One of my facebook friends posted this article on his page yesterday. We’re not close, we graduated high school together, didn’t speak much then and certainly haven’t spoken since. He appears to be divorced with a son about 8 or 9 from the pictures. The article, part of the New York Times’ “Modern Love,” series (which I’m not familiar with) tells the story of a couple — maybe in their 50s, who have been together for 20 years and have a young children:
“I don’t love you anymore. I’m not sure I ever did.”
His words came at me like a speeding fist, like a sucker punch, yet somehow in that moment I was able to duck. And once I recovered and composed myself, I managed to say, “I don’t buy it.” Because I didn’t.
He drew back in surprise. Apparently he’d expected me to burst into tears, to rage at him, to threaten him with a custody battle. Or beg him to change his mind.
So he turned mean. “I don’t like what you’ve become.”
Gut-wrenching pause. How could he say such a thing? That’s when I really wanted to fight. To rage. To cry. But I didn’t.
Instead, a shroud of calm enveloped me, and I repeated those words: “I don’t buy it.”
You see, I’d recently committed to a non-negotiable understanding with myself. I’d committed to “The End of Suffering.” I’d finally managed to exile the voices in my head that told me my personal happiness was only as good as my outward success, rooted in things that were often outside my control. I’d seen the insanity of that equation and decided to take responsibility for my own happiness. And I mean all of it.
My husband hadn’t yet come to this understanding with himself. He had enjoyed many years of hard work, and its rewards had supported our family of four all along. But his new endeavor hadn’t been going so well, and his ability to be the breadwinner was in rapid decline. He’d been miserable about this, felt useless, was losing himself emotionally and letting himself go physically. And now he wanted out of our marriage; to be done with our family.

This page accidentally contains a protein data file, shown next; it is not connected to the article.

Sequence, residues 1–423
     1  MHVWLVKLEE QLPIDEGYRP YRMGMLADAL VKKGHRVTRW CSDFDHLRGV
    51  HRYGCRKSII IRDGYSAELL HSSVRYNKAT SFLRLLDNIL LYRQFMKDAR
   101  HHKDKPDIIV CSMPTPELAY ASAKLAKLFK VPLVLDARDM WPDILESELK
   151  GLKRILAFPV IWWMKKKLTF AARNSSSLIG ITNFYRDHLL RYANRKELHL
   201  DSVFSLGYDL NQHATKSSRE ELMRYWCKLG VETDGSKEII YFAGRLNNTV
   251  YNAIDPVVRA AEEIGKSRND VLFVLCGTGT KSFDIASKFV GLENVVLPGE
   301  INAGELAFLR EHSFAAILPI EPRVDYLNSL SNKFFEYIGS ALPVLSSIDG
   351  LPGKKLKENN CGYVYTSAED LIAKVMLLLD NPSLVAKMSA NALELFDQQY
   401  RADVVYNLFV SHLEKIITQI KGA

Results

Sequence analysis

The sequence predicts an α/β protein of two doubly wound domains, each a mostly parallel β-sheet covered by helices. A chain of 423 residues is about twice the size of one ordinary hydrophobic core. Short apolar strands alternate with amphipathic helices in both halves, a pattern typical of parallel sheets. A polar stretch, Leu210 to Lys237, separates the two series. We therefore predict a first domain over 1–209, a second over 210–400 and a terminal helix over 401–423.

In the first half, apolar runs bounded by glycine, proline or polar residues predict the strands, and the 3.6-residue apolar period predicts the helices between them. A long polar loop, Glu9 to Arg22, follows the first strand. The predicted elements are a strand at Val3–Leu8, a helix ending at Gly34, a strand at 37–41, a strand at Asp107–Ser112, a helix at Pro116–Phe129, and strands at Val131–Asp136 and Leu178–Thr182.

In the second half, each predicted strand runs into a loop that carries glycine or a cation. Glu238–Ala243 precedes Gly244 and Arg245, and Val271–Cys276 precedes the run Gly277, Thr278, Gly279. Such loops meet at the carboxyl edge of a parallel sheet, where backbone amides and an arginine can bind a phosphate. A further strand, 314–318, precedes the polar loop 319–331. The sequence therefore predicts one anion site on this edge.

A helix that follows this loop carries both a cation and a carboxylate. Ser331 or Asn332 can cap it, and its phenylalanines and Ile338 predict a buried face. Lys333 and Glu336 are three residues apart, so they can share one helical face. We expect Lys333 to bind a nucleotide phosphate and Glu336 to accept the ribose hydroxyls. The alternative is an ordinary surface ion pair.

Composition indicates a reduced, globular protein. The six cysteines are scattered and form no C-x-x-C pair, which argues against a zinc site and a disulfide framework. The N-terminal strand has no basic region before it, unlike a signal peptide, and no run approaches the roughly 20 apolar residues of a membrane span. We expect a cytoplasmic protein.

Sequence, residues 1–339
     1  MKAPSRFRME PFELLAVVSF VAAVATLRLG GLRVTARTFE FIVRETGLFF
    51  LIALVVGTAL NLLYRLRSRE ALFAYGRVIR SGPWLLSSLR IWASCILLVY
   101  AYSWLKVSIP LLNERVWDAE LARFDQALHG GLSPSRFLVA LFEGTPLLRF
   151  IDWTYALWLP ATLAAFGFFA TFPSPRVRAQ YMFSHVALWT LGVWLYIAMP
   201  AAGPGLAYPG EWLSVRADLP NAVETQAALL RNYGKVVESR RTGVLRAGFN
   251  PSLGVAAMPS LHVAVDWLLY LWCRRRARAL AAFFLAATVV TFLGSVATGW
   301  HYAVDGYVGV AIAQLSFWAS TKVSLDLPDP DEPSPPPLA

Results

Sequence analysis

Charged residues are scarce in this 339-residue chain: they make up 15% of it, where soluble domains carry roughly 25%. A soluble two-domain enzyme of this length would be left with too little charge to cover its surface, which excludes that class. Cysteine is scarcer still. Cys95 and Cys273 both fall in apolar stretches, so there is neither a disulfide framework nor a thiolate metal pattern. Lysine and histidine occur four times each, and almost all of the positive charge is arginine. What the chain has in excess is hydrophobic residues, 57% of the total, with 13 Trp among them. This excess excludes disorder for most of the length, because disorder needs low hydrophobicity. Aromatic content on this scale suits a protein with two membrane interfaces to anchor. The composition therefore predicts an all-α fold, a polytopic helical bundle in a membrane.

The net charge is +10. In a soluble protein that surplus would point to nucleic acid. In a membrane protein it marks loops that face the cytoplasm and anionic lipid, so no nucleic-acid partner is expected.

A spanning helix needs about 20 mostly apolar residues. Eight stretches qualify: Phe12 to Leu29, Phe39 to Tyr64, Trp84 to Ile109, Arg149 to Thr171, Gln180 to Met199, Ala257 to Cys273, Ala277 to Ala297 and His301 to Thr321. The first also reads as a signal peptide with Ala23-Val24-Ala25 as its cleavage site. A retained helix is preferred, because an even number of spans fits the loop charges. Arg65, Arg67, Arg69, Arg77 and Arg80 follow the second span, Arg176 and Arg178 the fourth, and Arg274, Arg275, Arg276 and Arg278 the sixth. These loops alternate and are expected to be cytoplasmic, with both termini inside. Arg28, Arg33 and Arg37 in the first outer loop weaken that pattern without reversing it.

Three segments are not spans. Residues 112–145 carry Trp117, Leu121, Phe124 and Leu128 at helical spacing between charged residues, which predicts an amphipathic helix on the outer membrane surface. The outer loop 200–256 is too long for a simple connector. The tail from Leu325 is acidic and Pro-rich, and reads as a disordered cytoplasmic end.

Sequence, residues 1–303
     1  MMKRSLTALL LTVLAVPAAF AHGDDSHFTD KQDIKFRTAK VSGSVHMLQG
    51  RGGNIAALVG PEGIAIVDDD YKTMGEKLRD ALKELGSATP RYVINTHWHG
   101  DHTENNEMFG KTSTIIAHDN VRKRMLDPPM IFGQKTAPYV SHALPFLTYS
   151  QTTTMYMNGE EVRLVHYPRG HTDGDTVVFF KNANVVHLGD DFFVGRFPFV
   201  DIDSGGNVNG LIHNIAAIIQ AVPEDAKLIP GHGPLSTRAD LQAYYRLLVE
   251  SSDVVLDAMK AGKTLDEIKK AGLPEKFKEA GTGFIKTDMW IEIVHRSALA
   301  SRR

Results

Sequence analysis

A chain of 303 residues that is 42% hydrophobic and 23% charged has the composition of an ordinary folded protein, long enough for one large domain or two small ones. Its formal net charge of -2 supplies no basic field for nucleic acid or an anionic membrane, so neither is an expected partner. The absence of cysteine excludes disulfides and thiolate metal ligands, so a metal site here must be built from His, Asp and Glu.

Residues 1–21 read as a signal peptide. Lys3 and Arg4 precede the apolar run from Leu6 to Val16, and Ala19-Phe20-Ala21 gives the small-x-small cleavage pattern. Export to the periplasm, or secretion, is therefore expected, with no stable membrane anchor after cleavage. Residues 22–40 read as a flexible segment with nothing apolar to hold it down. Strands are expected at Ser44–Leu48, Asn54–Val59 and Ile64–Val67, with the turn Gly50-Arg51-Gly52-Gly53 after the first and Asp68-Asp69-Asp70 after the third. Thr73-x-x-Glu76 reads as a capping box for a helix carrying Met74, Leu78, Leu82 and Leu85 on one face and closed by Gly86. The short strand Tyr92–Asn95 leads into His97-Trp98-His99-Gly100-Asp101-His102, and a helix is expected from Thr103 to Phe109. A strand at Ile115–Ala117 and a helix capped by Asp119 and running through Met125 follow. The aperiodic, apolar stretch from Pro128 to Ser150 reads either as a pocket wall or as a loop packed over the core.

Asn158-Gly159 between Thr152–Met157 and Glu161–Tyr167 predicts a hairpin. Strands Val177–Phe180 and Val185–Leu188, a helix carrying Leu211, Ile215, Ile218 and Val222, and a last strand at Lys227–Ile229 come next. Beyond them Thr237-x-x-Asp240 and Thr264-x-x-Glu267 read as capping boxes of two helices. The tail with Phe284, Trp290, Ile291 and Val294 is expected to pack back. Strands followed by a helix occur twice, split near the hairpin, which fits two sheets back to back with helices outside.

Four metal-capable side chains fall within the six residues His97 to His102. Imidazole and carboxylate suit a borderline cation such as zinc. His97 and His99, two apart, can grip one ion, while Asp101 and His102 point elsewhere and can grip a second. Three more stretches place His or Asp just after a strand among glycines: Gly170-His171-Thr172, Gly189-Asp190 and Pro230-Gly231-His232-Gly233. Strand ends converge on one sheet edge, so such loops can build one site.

But I wasn’t buying it.
I said: “It’s not age-appropriate to expect children to be concerned with their parents’ happiness. Not unless you want to create co-dependents who’ll spend their lives in bad relationships and therapy. There are times in every relationship when the parties involved need a break. What can we do to give you the distance you need, without hurting the family?”
The guy who posted this on his page, shared the article saying “this woman is so brave.” Now, see, when I read the story I immediately thought of a dozen adjectives to describe this chick (delusional, crazy, dumb, sad…), brave did not come up. Not even briefly.
I can’t imagine where you are in life to have someone that you love and trust, basically spit in your face and you wipe it away with the back of your hand and ask what they want for dinner. Now, I’m not even saying I would rage or scream or throw things, cause I wouldn’t, but you best believe I would buy it. Right away, no questions asked.
I mean, HONESTLY.
A man doesn’t say such things without putting serious thought into it for a long time! Hell, I believe that shit when it’s not even said – when it’s just actions suggesting it — ignored texts, unreturned phone calls, disappearing acts — fuck that shit, I’m out, son!
I suppose marriage and children and the like should be taken more seriously, but DAMN. Dude, said he wanted OUT! What if this were the story about a woman who said the same thing and her husband was all “Nope. I don’t buy it.” I saw that movie, and got damn if I wasn’t clapping when Tina Turner finally got her divorce.
If this is “modern love,” I’ll be over here on my couch watching Revenge, thank you very much.